For any digital marketer, building a highly engaged email list is a must. Because the more people you have converting into customers from it, the more money your organization makes. Considering the average ROI for every dollar invested into email marketing is $44, that’s a lot of potential profit at stake.
Assuming, of course, you can overcome one important hurdle: getting people to submit their email address and personal information.
In fact, many email marketers view this as their biggest barrier to building or growing their email list. Fortunately, the perfect lead magnet can make all the difference. By offering value (and making it clear to every website visitor prior to signing up) via a downloadable content piece, your brand can easily grow email engagement and positive list activity.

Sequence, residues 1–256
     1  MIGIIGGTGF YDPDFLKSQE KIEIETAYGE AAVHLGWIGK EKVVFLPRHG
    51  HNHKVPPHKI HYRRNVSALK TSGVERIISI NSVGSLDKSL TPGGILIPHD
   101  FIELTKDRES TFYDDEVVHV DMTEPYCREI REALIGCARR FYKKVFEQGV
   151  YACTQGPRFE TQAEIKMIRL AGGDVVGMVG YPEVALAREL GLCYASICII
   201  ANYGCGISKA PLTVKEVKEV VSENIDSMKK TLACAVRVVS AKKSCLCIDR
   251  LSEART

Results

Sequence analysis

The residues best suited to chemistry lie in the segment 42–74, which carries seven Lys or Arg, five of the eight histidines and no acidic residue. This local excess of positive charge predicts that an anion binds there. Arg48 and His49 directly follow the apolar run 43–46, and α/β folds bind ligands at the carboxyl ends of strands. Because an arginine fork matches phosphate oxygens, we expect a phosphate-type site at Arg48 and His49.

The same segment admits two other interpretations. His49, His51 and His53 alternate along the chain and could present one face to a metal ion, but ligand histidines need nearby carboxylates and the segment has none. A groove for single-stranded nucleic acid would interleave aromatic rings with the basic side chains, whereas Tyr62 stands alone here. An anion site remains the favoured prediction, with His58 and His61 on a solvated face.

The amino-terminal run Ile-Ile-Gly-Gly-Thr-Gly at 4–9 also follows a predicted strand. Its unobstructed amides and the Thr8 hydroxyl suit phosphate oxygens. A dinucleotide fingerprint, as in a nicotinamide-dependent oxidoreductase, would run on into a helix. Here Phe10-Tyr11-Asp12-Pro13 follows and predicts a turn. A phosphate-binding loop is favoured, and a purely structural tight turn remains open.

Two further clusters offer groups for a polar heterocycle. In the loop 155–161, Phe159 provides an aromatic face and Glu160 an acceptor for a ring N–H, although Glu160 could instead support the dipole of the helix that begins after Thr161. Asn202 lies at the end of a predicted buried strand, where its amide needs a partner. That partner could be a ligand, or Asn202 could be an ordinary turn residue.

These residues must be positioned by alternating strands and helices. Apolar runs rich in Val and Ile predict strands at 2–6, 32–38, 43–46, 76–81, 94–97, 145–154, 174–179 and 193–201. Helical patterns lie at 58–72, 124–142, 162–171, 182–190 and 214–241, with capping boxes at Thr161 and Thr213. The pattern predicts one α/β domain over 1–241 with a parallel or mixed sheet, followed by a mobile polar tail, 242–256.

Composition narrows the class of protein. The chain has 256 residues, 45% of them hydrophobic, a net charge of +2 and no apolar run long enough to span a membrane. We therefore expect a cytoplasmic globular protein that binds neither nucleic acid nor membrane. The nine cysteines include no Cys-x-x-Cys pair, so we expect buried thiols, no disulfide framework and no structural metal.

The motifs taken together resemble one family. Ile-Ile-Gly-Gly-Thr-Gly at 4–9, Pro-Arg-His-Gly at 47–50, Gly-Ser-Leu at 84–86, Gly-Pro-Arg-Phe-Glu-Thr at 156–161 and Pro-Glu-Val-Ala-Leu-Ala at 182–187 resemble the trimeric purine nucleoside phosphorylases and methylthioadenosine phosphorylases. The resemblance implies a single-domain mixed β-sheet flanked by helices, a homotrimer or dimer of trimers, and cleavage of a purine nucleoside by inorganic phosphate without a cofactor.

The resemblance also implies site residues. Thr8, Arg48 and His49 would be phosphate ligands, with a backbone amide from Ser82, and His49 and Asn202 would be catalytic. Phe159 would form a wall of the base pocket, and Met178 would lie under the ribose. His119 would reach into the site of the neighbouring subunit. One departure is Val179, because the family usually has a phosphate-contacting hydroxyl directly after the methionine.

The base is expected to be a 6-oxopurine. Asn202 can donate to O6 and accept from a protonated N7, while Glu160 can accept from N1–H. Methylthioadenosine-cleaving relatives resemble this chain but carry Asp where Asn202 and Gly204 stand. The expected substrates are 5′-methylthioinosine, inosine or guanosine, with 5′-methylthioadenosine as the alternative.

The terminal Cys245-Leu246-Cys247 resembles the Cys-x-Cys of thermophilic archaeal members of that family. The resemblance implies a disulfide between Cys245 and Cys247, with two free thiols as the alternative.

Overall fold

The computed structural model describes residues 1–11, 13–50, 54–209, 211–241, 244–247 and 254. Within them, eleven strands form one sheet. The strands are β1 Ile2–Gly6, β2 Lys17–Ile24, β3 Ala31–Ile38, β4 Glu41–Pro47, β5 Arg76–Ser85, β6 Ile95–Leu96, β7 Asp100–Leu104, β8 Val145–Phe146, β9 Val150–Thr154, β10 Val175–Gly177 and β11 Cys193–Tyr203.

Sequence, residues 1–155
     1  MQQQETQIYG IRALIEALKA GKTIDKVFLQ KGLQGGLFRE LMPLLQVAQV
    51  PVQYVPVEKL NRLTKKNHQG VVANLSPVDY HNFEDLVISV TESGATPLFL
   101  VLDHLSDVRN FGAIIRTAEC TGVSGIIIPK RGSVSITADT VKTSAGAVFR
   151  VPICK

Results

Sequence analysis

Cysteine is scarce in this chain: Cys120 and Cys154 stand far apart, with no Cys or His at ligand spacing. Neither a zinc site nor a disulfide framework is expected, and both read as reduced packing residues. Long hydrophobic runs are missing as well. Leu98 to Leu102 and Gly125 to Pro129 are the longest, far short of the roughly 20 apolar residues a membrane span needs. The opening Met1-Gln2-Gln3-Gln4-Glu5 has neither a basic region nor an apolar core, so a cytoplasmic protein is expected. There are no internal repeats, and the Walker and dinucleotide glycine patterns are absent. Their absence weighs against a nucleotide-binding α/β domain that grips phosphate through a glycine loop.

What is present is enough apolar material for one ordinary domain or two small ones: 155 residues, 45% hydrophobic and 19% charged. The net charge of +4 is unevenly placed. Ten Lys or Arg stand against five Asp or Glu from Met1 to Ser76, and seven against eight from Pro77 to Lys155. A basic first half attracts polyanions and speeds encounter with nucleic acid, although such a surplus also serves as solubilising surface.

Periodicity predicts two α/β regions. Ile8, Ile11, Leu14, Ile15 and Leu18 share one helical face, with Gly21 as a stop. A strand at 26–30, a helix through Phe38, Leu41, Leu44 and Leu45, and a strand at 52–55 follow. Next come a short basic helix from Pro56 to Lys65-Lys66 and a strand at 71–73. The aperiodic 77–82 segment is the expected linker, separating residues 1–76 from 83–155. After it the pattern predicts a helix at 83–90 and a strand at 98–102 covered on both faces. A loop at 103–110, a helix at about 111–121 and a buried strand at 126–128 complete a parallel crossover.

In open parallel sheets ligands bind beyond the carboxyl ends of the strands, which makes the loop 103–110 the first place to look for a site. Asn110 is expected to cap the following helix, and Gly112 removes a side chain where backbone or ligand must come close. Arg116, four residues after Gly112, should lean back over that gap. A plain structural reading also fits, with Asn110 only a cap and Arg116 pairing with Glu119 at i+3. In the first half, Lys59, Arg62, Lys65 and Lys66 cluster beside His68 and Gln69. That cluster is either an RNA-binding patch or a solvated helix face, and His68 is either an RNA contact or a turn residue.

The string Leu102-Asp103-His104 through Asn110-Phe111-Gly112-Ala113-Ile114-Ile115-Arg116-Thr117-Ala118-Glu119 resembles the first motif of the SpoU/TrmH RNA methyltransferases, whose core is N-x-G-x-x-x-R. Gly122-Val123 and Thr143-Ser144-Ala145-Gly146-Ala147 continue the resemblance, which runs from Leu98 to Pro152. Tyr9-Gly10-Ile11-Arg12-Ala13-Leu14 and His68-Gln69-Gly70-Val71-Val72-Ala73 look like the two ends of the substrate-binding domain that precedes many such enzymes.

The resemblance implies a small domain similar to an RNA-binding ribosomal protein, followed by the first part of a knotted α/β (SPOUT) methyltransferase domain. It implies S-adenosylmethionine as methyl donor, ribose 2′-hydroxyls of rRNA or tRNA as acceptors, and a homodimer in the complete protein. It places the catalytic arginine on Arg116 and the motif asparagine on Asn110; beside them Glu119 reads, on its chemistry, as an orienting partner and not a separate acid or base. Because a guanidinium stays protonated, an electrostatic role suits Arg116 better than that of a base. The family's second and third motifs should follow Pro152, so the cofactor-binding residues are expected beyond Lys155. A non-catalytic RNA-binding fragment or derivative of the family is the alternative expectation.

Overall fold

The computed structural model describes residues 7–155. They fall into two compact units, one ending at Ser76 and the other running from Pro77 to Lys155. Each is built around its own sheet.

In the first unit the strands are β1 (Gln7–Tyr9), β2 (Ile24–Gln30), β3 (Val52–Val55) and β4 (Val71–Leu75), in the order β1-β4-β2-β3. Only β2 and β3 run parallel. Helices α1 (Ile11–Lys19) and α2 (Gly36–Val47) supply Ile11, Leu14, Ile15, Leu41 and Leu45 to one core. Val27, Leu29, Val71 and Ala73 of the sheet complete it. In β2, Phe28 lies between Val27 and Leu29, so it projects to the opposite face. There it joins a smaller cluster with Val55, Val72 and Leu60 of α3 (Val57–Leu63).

So, why should you take a closer look at your current lead magnets? And which lead magnets can grow your email engagement, subscriber count, and online revenue most effectively?
With Apple’s Mail Privacy Protection update rumored to be days away and the death of third-party cookies coming next year, first-party data is quickly becoming marketing’s most valuable resource. Moving forward, the personal insights you collect from your most loyal customers should be the foundation you build your email campaigns and experiences around.
But this is easier said than done—especially when someone is visiting your site for the very first time. Consumers are increasingly careful with the brands whom they choose to share their contact information with. Which is precisely why lead magnets are such an invaluable tool for your marketing team.